Linked data types connect to an online data source. Once you convert text to a linked data type, an external data connection is established in the workbook. That way, if the data changes online, you can update it by refreshing it in Excel.

To refresh the data, right-click a cell with the linked data type and click Data Type > Refresh. That will refresh the cell you selected, plus any other cells that have that same data type.

If you want to refresh all linked data types and all data connections that may be in the workbook (including queries, other data connections, and PivotTables), click Data > Refresh All.

With data type cards, you can extract more than just your typical values. Some data type cards, such as those for the Movie data type, includes images that you can insert into your workbook. These images are contained inside the cell, like any text or number.

  1. Convert text to a data type by selecting the cell and going to Data tab > Data Types group > Automatic.

  2. Once converted, an icon will appear in the left of the cell value. Select it to view the card.

  3. In the card, hover over the image and you'll see the Insert Data  Add Column button  icon. Select this to insert the image into your workbook.

  4. The image will scale to fit within the cell. To resize it, simply adjust the row or column to increase the size of the cell.

Tip: To view the attribution of the inserted image, right-click the image and select Show Card.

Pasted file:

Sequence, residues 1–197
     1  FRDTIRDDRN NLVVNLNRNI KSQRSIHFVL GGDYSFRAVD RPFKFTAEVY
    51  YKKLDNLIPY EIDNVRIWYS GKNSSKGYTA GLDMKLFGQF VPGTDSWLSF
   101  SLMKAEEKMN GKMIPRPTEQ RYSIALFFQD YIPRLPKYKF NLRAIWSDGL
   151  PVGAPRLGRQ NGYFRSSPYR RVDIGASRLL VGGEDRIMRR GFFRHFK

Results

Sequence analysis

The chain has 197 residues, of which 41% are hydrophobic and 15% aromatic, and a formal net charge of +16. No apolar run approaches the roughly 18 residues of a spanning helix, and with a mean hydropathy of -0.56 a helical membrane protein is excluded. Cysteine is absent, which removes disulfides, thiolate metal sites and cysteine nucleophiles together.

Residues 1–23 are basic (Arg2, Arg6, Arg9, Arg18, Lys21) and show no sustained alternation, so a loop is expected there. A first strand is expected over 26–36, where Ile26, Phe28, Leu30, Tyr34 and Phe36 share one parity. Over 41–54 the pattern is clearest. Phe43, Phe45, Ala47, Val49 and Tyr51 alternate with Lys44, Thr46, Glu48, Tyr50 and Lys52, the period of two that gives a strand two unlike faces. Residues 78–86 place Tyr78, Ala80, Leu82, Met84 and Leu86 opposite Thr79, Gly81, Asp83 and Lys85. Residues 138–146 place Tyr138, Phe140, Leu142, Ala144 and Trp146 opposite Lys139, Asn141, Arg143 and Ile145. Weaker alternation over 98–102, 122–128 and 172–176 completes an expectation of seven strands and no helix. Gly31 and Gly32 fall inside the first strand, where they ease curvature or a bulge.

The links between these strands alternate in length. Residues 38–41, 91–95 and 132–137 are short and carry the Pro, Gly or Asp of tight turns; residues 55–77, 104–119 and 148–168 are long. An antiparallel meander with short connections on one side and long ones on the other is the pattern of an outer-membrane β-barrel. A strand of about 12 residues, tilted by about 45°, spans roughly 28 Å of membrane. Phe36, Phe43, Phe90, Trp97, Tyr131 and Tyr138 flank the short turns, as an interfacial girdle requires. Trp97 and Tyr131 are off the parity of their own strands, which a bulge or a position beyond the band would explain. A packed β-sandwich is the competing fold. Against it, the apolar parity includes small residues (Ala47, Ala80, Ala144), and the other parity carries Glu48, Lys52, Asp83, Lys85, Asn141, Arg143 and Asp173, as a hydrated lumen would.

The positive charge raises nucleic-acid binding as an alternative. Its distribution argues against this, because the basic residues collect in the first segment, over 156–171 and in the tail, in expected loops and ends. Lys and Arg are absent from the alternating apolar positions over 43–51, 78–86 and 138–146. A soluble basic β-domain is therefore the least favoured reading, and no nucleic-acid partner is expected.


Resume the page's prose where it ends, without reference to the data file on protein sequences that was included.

If a text has been converted to a data type, however you want a different data type, you can switch them. For example, you've converted "Life of Pi" to the Movies data type but want to change it to the Books data type. You can switch a linked data type in two ways: 

Right-click menu: Right-click the cell you want to change > select Data Type > Change.... A pane will appear on the right. Search for the data you want, and then Select to put that information in place of the original one.

From the gallery: Select the cell(s) you want to change, go to the Data tab and in the Data Types group, choose a different data type.  

If you don't want a cell to be a linked data type anymore, just right-click the cell, and click Data Type > Convert to Text. The data type is removed, there's no longer an online connection, and the value in the cell is converted to text.

Important: If you convert the data type to text, any column or formulas that had extracted values from that data type will display the #FIELD! error.

Data types and the data you insert from them can be used in formulas and calculations, just like other data.  It is also possible to write formulas that reference the values from the linked data types, even if your data is not in a table. For more information, see How to write formulas that reference data types.

Filter menu, Display Value menu, fields from linked data type listed

You can always sort and filter data in Excel by using the filter buttons on the column headers. (Turn on filter buttons by clicking Data > Filter.)

But here's a tip for cells with data types: Click the filter button above the cells with icons. Then decide how you want to sort or filter. If you want to do so using the displayed name, keep Display Value selected under Select field. If you want to sort or filter by another field from the linked data type, select that field under Select field.

In this example, we selected the field Area. Excel then used that as a basis for the filter check boxes below, and displays the populations for the countries we have in the table. Also good to know: Excel will change the Number Filter menus depending on the field you select under Select field.

More about linked data types

Discover more from Wolfram

Excel data types: Stocks and geography

Get nutrition facts with the Foods data type

Get chemistry facts with the Chemistry data type

Use Organization data types from Power BI

Create a data type (Power Query)